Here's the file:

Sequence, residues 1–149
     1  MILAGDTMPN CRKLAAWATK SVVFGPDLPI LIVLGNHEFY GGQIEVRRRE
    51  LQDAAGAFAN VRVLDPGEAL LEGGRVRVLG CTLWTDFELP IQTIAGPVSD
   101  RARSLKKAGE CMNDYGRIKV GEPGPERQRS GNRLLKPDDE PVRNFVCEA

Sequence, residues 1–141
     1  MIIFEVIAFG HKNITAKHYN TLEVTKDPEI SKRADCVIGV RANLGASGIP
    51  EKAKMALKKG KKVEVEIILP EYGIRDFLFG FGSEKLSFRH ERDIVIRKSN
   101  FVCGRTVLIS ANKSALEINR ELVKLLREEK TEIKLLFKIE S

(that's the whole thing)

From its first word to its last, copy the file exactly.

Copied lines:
Sequence, residues 1–149
     1  MILAGDTMPN CRKLAAWATK SVVFGPDLPI LIVLGNHEFY GGQIEVRRRE
    51  LQDAAGAFAN VRVLDPGEAL LEGGRVRVLG CTLWTDFELP IQTIAGPVSD
   101  RARSLKKAGE CMNDYGRIKV GEPGPERQRS GNRLLKPDDE PVRNFVCEA

Sequence, residues 1–141
     1  MIIFEVIAFG HKNITAKHYN TLEVTKDPEI SKRADCVIGV RANLGASGIP
    51  EKAKMALKKG KKVEVEIILP EYGIRDFLFG FGSEKLSFRH ERDIVIRKSN
   101  FVCGRTVLIS ANKSALEINR ELVKLLREEK TEIKLLFKIE S